Baby sleeping on tummy
As good and vigilant parents, we all follow the recommended and widely accepted guidelines for safe baby sleep that at their core is placing baby to sleep on her back.
No one knows for sure what causes SIDS, we do, however know of several risk factors that can be associated with the syndrome - amongst them:
Inhalation of carbon dioxide,
House dust mites and breathing obstructions.
But what do we do when our baby grows and develops and begins using her new found mobility to turn from front to back - doing so in her sleep...
On this topic there is a wide range of written data and it is a concerning topic for us parents (and rightfully so), there are also a wide range of opinions by medical professionals as to what is the best course of action. We will not get into this debate, we leave it for each parent to choose his preferred course of action.
The challenge is that we cant always be there by her bed, we need our sleep as well (however short a sleep it may be) - if baby rolls to her stomach in her sleep we can only try and make sure she has the safest sleeping environment while she sleeps on her stomach and until we notice and can roll her back. Such a safe sleep environment includes adhering to the safe sleep guidelines and making sure her stomach sleep is the safest it can be, one way we chose to do so is using Numu.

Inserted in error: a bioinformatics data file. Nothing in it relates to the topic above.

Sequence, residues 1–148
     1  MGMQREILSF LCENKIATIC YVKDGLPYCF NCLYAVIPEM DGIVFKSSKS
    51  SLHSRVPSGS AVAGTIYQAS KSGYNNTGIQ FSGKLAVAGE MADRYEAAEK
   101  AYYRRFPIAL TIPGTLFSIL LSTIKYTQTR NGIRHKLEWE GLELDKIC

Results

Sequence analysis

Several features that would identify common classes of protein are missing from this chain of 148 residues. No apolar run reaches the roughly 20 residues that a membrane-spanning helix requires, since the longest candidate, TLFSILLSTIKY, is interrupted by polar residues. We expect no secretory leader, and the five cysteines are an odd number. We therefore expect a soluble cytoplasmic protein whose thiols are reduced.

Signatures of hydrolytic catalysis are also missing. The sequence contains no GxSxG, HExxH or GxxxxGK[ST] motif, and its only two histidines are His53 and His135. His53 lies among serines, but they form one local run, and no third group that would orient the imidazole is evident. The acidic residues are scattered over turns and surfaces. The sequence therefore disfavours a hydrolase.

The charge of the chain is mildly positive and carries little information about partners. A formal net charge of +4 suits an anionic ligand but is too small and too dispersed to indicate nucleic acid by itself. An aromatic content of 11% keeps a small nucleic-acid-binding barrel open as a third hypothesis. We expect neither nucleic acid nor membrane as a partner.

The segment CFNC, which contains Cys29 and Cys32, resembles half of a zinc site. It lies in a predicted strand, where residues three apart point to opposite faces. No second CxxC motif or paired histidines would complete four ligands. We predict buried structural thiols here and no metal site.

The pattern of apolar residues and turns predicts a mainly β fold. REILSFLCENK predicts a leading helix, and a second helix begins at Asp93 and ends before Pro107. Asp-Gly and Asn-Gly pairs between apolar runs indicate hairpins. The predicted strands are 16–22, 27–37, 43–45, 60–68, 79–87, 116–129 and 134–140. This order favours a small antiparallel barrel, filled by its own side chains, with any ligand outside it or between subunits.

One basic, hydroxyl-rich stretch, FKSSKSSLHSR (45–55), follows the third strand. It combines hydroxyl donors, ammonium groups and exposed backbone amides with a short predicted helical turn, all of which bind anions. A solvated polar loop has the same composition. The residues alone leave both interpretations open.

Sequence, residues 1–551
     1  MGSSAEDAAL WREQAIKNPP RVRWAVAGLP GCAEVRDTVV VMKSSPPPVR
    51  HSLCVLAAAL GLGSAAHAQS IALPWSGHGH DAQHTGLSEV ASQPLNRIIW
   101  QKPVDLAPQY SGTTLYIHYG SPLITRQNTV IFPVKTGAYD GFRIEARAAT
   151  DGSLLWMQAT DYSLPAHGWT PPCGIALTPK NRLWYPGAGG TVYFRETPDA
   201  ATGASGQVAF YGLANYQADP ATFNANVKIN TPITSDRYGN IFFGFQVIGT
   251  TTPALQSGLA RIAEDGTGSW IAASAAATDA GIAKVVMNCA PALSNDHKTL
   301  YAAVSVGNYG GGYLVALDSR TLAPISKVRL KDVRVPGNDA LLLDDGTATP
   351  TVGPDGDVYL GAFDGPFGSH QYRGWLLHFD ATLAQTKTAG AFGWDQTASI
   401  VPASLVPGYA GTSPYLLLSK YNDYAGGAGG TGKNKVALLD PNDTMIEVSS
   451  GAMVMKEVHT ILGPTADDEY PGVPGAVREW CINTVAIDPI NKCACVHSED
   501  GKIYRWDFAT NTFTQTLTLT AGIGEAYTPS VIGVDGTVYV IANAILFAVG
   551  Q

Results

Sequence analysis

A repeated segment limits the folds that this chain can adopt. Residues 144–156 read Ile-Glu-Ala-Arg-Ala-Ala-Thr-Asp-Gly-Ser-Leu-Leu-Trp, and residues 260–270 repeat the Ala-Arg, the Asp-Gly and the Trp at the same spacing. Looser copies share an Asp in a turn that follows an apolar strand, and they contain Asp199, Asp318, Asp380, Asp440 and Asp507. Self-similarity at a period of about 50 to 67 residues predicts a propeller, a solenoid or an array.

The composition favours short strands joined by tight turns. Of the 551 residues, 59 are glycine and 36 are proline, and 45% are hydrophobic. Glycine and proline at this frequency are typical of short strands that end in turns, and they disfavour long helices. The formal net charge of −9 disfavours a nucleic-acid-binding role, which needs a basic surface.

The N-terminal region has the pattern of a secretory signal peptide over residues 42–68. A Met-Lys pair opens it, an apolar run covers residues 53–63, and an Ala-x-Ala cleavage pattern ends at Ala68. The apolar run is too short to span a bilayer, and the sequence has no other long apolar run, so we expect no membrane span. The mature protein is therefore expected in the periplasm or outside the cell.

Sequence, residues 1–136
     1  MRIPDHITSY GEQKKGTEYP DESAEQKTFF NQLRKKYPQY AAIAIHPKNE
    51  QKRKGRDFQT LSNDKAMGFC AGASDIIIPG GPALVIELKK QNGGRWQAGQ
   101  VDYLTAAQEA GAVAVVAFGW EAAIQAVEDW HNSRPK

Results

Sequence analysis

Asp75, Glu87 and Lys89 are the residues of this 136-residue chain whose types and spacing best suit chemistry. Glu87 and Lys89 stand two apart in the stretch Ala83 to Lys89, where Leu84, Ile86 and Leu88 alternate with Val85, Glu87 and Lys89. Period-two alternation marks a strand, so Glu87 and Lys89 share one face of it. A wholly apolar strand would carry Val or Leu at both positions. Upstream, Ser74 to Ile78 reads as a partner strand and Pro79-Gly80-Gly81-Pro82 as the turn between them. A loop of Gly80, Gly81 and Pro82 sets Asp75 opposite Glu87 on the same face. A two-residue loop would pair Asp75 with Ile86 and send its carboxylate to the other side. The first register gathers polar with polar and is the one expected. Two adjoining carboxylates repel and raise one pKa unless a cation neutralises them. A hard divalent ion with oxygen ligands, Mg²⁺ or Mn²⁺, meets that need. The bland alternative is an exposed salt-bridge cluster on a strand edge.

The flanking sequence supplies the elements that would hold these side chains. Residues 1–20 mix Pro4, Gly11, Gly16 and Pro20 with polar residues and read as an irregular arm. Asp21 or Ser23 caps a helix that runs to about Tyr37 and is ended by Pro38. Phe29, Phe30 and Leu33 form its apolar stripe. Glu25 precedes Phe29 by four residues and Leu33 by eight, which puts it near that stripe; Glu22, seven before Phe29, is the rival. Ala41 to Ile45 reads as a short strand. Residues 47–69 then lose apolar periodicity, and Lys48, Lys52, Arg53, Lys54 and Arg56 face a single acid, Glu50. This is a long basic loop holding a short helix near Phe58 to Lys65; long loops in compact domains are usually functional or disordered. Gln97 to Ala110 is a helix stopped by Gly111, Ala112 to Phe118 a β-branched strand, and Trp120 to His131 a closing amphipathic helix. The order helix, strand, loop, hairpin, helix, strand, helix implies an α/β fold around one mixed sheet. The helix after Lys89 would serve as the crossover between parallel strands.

The Numu mattress reduces some of the known risk factors:
- Allows for free breathing through the mattress even with sleeping with face into the mattress. This will be SAFER with Numu!
- Prevents accumulation of carbon dioxide
- Prevents overheating
- Prevents build up of house dust mites
Thereby, Numu supports a safer sleeping environment for your baby
Some of these properties of Numu were mentioned by the American Academy of Pediatrics, in their report on SIDS and other sleep related infant deaths 2016:
"Certain crib mattresses have been designed with air-permeable materials to reduce rebreathing of expired gases, in the event that an infant ends up in the prone position during sleep, and these may be preferable to those with air impermeable materials. With the use of a head box model, Bar-Yishay et al341 found that a permeable sleeping surface exhibited significantly better aeration properties in dispersing carbon dioxide and in preventing its accumulation. They also found the measured temperature within the head box to be substantially lower with the more permeable mattress, concluding that it was due to faster heat dissipation. This finding could be potentially protective against overheating, which has been identified as a risk factor for SIDS. Colditz et al342 also performed studies both in vitro and in vivo, showing better diffusion and less accumulation of
carbon dioxide with a mesh mattress."